A final bridge mode, Fully Transparent, connects multiple Ethernet devices to the WiFi access point on Layer 2. This mode does require the AP to support fully transparent bridge mode, typically only possible with devices from the same manufacturer.
Roaming can be configured for all the client modes, where once the RSSI drops below -60 dBm the module will attempt to connect to another AP with the same name. Various security modes are also supported, including 802.11 r “Fast Roaming” modes for both WPA2-PSK and WPA2-EAP.
To improve the roaming speed, specific 802.11 channels can be selected so that the module will only search on those for a new AP to connect to.
Various other client NAT modes are supported which are “1:1 NAT” and “IP Masquerading”. The first mode, one-to-one, requires that every device on the LAN “behind” the WiFi client requires an IP address assignment from the WAN side (effectively the network connected to the access point). This mode has no limitations on the protocols that can be used and allows communications to be established from both LAN and WAN sides.
IP masquerading involves multiple devices behind the WiFi client being accessible through forwarded ports. This means that only one WAN IP address is consumed (for the WiFi client itself) for all the other devices, but comes with the drawback that devices on the WAN can only communicate with the LAN devices through a forwarded port. This can sometimes cause issues if devices need multiple ports open that are not documented.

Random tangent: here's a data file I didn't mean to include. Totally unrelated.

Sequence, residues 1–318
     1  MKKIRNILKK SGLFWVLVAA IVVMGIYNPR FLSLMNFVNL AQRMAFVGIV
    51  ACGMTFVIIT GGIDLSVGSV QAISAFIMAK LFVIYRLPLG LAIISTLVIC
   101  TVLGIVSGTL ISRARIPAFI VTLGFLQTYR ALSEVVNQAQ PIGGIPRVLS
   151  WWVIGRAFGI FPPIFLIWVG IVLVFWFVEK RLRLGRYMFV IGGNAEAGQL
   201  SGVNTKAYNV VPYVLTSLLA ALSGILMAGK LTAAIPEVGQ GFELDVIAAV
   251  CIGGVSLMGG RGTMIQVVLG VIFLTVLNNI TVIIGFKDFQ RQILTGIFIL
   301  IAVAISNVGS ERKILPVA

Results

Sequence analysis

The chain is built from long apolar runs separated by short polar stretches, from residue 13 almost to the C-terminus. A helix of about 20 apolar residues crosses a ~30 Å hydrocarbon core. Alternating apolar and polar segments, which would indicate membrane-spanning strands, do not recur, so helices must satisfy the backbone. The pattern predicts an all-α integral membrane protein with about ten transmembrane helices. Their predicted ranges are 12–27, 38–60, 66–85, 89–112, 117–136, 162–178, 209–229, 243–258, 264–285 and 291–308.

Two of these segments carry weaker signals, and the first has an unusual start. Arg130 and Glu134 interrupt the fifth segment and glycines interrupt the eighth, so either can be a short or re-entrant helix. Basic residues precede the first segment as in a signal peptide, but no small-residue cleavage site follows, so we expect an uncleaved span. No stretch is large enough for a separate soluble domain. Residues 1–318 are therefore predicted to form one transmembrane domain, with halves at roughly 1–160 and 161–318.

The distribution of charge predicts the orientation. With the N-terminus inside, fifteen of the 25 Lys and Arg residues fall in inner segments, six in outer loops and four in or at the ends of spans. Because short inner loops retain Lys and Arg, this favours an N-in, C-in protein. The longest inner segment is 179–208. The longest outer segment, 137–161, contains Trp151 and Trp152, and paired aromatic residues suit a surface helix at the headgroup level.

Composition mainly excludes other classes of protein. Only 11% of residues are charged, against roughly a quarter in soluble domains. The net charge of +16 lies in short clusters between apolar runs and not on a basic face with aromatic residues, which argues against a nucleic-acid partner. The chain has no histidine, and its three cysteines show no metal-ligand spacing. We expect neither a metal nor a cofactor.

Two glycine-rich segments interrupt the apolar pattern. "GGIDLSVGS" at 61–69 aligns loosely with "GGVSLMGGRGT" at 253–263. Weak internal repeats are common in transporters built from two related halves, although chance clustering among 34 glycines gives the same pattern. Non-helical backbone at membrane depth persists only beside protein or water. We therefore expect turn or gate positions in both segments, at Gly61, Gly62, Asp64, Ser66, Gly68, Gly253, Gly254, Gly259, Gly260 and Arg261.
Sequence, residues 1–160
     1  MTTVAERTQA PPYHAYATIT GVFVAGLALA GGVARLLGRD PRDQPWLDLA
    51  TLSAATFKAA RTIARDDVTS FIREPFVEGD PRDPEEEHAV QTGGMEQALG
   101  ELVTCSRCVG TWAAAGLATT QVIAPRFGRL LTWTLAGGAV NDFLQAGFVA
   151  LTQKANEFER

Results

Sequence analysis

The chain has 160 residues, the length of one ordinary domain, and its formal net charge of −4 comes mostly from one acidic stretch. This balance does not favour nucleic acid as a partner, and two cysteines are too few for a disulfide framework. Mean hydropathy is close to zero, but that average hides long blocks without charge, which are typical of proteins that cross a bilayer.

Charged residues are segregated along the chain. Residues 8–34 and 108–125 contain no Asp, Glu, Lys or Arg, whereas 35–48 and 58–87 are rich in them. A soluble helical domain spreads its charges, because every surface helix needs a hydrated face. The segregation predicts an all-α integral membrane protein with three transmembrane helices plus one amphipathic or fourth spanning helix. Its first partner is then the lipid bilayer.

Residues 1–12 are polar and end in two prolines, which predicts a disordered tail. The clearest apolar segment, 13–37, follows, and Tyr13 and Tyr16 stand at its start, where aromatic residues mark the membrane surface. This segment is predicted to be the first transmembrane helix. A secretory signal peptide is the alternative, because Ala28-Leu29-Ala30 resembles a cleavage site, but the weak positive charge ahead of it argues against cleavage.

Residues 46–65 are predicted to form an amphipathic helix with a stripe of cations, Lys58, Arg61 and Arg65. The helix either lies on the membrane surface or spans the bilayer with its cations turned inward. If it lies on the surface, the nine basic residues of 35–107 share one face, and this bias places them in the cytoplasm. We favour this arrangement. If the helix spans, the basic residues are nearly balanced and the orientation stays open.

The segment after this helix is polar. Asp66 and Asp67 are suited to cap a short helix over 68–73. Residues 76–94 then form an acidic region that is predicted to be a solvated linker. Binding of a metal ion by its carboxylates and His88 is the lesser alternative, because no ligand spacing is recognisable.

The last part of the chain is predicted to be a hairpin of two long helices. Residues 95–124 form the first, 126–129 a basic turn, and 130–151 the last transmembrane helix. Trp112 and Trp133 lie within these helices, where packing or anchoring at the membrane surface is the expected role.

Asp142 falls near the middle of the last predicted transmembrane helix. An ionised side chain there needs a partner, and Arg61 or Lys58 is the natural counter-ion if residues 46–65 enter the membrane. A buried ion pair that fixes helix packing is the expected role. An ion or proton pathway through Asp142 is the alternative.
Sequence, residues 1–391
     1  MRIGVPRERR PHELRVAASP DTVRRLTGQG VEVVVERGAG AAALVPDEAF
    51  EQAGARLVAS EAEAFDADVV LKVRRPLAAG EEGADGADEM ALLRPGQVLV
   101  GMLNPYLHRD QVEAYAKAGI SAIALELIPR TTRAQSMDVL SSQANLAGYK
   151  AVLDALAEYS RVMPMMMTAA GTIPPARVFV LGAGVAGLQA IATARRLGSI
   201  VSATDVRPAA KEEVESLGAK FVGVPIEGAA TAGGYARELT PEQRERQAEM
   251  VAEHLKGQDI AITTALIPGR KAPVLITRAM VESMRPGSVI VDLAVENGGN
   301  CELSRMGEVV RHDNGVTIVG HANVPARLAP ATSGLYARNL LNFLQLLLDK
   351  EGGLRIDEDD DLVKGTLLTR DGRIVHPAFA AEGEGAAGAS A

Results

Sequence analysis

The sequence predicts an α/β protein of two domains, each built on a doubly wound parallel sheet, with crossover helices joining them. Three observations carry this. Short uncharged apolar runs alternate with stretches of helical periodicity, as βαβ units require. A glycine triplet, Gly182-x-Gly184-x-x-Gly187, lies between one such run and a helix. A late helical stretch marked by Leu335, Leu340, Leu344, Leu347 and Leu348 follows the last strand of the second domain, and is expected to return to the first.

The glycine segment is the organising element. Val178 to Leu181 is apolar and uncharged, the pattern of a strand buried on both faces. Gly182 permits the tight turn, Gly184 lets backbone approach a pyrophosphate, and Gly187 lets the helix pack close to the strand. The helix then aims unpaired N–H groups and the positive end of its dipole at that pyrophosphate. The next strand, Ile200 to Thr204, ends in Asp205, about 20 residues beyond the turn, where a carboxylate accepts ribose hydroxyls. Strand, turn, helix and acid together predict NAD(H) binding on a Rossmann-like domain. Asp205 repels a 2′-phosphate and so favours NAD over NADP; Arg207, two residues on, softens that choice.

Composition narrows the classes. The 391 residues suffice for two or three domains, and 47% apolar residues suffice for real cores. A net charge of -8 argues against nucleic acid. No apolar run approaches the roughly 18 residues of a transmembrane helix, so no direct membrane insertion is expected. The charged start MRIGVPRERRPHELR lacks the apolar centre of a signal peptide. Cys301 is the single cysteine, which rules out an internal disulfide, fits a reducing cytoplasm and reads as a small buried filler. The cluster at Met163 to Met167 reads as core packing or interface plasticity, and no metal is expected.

Repeater mode establishes two connections: one as a wireless client connected to an upstream AP, and one as a wireless AP for connection to a downstream device whilst also providing an Ethernet connection.
Other features of the wireless module include a DHCP server that can be assigned to a number of different interfaces, including globally or the two WLAN interfaces, RADIUS for secure authentication, as well as SNMP for monitoring.
A REST API is also present for remote programming, control and monitoring of the module. This presents an interface accessible over standard HTTP that accepts JSON-encoded data on a number of endpoints. As this interface is well-documented, it can easily be controlled from a PLC capable of making web requests.
If the API URL is opened in a web browser there is a Swagger instance that both documents the API and allows for testing. Most of the module functions are exposed via the API, allowing for great flexibility when programming.
REST API Usage Example
To demonstrate the REST API we decided we would disable our WiFi network, change the password and then enable the network. Having the REST API available means that using other platforms and tools to configure, control and monitor the module are possible.